The way things are


Another Monday came and went unsung. I meant to visit the Edge yesterday. I do want to blog on Mondays like I promised I would. But I kept thinking it was Saturday. That’s what happens when you marry a man who becomes a pastor and whose Monday becomes his Saturday. If you’re home with him, you forget what day it really is.

(Technically, Monday is his Sunday. It’s supposed to be his day of Rest. But I don’t know any technical pastors. Do you?)

I should be thrilled. I am home on Mondays. It should be like getting two Saturdays. The problem is Monday is a Writing Day for me. And I am supposed to be writing, not playing Saturday with my pastor-husband.

This is one of those things no one told me about at Pastor’s Wives’ School. How to handle upside down Monday. Maybe that info was included in the lecture on how to always have a clean bathroom and unwrinkled skirts and a cake in the cake-keeper. I missed that one.

I am amazed at how topsy turvey life can be when you’re busy trying to lead a normal life. There’s always something to undermine the status quo, to shake things up, to mess with Normal.

Last week during one of my morning rendezvous with Sunrise Earth on the Discovery Channel, I was taken to an abandoned village in the clouds on a Peruvian mountaintop. The sun was beginning to turn the ancient stone a creamy yellow and wisps of clouds were evaporating as the heat of the oncoming day warmed them. Everywhere there were echoes of long ago lives; steps, paths, doorways,window ledges — silent and stony evidences of past human touch. And then, in the middle of this quiet monument to a lost culture, there came a parade of llamas. They lumbered about the village ruins as if they were the original architects. They didn’t exactly belong in the picture, but they were there anyway, and had probably been there for years. Experts at tiptoeing manmade steps, no doubt.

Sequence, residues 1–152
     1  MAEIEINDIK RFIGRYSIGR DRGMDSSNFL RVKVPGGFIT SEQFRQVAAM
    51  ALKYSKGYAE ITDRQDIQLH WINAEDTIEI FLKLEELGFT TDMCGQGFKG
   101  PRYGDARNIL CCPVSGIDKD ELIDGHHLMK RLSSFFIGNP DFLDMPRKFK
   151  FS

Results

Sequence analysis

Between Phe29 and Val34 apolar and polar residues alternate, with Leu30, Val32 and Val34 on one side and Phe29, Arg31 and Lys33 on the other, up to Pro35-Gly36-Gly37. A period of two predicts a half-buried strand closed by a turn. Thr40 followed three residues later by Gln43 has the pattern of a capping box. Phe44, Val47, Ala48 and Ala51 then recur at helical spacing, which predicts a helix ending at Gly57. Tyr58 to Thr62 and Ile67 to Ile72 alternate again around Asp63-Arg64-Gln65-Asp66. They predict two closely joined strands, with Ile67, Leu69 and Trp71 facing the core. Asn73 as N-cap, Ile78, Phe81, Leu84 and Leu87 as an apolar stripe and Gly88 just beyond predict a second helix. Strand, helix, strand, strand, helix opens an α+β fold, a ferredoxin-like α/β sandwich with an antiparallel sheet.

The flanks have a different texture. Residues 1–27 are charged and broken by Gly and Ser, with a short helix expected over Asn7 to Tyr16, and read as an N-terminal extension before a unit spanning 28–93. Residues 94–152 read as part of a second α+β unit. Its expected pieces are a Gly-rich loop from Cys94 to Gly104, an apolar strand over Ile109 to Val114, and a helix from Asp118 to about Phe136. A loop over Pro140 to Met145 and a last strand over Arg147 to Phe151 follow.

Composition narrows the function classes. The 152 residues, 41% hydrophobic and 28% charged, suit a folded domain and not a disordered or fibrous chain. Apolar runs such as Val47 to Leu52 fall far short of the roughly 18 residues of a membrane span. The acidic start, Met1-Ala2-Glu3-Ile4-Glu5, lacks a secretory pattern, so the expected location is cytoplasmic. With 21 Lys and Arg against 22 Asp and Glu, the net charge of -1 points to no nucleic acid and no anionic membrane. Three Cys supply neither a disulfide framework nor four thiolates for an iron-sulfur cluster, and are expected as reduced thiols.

I was wide-eyed at first, at these woolly intruders, but after ten minutes of watching them negotiate the village layout like seasoned stage crew, I got used to them.

I’m thinking Normal isn’t usually the absence of the unusual, but more likely the acceptance of whatever defines your world at the moment.

Which is how I can excuse my mistaking Mondays for Saturdays.

Sorry about that.

Sort of.

Author: Susan

This post has 5 Comments

  1. Tami Boesiger on August 29, 2007 at 11:04 am

    “I’m thinking Normal isn’t usually the absence of the unusual, but more likely the acceptance of whatever defines your world at the moment.”

    Very profound, Susan. You got my wheels spinning.

  2. Anna on August 29, 2007 at 1:00 pm

    Good reminder! It’s easy to long for the normal at the beginning of my school year when everything seems topsy-turvy.

    I liked the Peruvian village/llamas illustration since I was just recently in Peru. 🙂

  3. Pattie on August 29, 2007 at 8:40 pm

    Susan, there is no normal in a pastor’s household!!!! And I must’ve missed pastor’s wives school somewhere along the way of the past 16 years…hm. And if you hear of a master’s for chaplain’s wives, let me know, ok?

    PS: People at the base here STILL talk about how much they love your husband and miss him!!!

  4. Kathie on August 30, 2007 at 2:32 am

    Really enjoyed reading some your posts.

  5. Susan Meissner on August 31, 2007 at 2:21 am

    Thanks, comrades, for your encouraging comments. And Pattie, I told my Pastor Cutie what you said. It made his day.

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